David Gleave MW shares his thoughts on the surprising 2014 vintage in Barolo...
I was apprehensive when I arrived in the Langhe last November to do my annual tasting of well over 200 wines. I generally taste the wines from the vintage that is due to be released in the early part of the following year, and 2014’s reputation was nowhere near as high as its recent predecessors. It had been, as Franco Massolino put it politely, a ‘complicated vintage’. Everyone hoped that a wet and cool winter and spring would give way to a splendid summer, but they waited in vain. By the end of August, it looked like their run of good vintages had come to an end. But then the weather in September took a turn for the better, and remained dry and sunny, with warm days and cool nights, until early November. This proved to be the salvation of the late-ripening Nebbiolo.
Despite this good fortune, few expected the 2014s to be so good. They were awkward children during their adolescence in barrels, overshadowed by the more precocious 2015s and the outstanding 2016s. But part of Nebbiolo’s allure is its ability to confound expectations by undergoing just the sort of transformation the 2014s have gone through.
The tasting started well. The wines of Giovanni Corino from La Morra were the best balanced I’d ever seen from this winery. Given they had been among the top ten wineries tasted in both the 2012 and 2013 vintages, this was saying something. A visit was quickly arranged, and by the end of the week we had a new Barolo to add to our portfolio.
The beauty of this tasting is that I get to see a panorama of the region. It is as though I were standing in the Piazza Castello in La Morra, looking out over the zone and seeing which vineyards have performed best. In 2014, the viticulturalists rather than the vineyards were the deciding factor. “It was a year of cancelled holidays,” explained Giuseppe Vajra. Those like him who stayed behind in July and August to do several times as much work as they would do in a normal year ended up in late October or early November with ripe, healthy grapes. As a result, the wines have a wonderful acidity, great balance and the best will be prized for their perfumes.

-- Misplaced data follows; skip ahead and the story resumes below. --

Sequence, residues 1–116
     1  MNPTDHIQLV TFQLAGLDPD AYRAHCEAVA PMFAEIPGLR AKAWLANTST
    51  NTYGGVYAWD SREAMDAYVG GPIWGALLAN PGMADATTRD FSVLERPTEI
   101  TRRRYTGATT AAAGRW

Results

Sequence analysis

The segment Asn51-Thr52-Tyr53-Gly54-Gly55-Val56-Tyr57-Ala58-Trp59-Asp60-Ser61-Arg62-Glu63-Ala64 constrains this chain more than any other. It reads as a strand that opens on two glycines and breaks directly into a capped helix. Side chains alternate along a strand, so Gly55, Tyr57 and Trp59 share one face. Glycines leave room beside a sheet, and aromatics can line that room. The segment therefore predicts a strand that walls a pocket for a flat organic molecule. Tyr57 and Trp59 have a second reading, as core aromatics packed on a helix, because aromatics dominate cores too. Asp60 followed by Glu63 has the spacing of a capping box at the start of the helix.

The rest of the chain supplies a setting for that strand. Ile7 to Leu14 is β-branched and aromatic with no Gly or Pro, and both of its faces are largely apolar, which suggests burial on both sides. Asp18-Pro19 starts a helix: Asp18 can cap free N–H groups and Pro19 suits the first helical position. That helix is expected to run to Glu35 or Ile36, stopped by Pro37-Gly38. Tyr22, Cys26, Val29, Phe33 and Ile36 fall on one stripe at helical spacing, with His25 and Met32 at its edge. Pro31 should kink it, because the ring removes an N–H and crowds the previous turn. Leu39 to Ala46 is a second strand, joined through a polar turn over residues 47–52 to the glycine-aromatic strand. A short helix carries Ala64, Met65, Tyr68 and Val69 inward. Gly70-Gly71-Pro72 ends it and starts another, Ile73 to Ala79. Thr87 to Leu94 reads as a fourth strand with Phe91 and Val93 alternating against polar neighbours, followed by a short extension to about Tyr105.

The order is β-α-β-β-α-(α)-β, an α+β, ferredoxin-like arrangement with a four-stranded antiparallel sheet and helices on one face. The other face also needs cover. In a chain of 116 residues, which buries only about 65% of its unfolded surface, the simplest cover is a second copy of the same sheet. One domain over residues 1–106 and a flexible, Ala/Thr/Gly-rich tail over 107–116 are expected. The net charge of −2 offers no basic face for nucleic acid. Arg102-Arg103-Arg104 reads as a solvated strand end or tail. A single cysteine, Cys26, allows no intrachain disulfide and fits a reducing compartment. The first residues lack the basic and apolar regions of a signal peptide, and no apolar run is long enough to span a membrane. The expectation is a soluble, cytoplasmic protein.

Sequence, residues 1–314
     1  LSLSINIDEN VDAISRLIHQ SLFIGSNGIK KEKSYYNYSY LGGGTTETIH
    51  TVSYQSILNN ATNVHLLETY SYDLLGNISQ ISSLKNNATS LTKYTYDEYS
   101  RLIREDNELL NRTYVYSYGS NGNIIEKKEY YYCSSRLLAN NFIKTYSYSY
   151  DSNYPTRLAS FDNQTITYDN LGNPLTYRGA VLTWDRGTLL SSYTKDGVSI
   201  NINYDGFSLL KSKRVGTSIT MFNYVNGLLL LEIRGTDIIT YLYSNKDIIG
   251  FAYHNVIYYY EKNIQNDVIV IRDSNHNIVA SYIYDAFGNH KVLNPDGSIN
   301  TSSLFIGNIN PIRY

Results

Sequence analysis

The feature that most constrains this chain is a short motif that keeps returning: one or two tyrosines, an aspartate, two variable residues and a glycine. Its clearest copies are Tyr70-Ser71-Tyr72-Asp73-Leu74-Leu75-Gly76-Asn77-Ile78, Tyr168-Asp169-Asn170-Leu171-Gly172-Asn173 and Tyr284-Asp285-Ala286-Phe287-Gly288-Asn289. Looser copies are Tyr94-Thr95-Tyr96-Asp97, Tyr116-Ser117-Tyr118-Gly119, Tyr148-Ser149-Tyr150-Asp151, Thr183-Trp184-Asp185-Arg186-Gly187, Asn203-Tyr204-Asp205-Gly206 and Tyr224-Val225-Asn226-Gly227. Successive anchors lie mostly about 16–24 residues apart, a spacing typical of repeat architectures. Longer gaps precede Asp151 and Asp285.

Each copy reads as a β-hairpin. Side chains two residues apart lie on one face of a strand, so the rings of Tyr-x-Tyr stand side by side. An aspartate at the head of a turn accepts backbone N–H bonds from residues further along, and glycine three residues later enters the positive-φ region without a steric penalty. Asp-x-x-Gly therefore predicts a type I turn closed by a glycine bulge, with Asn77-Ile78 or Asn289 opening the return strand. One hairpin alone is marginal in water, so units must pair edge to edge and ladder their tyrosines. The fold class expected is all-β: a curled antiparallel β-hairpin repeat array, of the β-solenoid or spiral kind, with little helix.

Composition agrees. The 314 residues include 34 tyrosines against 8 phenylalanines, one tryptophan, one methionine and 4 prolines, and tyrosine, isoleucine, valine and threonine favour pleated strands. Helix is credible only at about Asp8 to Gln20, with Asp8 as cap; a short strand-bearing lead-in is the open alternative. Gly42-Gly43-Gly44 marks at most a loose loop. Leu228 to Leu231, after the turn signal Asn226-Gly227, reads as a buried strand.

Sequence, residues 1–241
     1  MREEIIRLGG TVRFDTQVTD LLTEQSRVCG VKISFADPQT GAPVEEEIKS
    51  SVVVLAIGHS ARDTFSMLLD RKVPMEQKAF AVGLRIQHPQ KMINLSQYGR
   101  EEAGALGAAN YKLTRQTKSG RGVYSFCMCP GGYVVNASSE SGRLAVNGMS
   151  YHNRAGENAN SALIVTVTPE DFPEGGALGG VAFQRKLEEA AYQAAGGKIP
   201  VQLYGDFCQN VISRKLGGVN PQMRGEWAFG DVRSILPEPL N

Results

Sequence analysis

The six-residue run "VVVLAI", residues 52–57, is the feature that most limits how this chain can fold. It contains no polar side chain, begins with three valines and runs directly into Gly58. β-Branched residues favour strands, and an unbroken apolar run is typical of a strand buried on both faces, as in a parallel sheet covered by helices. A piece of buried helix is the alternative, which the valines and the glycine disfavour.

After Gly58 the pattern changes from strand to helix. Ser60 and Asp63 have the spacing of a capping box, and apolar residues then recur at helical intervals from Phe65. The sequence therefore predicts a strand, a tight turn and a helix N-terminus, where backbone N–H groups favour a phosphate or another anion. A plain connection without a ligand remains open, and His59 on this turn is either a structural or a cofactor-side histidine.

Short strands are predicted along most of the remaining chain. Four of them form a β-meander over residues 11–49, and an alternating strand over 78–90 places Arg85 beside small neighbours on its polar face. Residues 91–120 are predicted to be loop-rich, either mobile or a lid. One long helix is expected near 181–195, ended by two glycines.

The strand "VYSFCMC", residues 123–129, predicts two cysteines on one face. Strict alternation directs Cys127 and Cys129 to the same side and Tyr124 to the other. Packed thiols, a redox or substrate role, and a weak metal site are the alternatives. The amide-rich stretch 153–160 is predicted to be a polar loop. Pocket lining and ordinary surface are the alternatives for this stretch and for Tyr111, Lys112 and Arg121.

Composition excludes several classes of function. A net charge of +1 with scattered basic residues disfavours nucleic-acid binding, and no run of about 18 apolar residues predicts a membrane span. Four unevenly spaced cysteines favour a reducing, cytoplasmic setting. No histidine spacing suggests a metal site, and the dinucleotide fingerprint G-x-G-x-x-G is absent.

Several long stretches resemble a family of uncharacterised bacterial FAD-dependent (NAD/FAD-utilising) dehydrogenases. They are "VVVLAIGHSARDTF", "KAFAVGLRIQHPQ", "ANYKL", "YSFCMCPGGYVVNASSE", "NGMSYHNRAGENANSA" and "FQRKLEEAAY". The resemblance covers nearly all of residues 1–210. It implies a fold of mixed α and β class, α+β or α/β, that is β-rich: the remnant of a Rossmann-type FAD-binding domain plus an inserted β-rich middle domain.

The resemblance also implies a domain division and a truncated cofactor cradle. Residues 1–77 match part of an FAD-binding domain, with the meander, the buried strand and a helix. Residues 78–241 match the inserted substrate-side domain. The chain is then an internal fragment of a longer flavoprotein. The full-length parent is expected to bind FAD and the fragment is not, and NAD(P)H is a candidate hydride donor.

While some may think this is a vintage for early drinking, I’m willing to bet that the best wines will outlive many of the more highly regarded years. Roberto Conterno of Giacomo Conterno feels that way: he has made only Monfortino in 2014, and thinks it is a classic vintage.
One of the joys of a week like this is to be able to visit people I admire but don’t work with. In addition to Roberto Conterno, we also saw Angelo Gaja, Bruna Giacosa and the Cavallotto brothers. Each gives different insights into the vintage. Even a jaded old taster like me, who has been visiting Barolo annually since 1983, gets excited to taste two vintages of Monfortino, the Gaja wines or that magical Giacosa label.
At the end of a week of tasting and visits, the highlight remained the quality and vivacity of the 2014 vintage. If you’d told me that wines of such quality would emerge from a year like 2014 in 1983, I would have said you were deluded. But that was before the viticulture and winemaking improved to such an extent that the best growers are now able to obtain such quality even in difficult conditions. I will certainly be raising a glass to them when I open my first bottle of 2014 Barolo.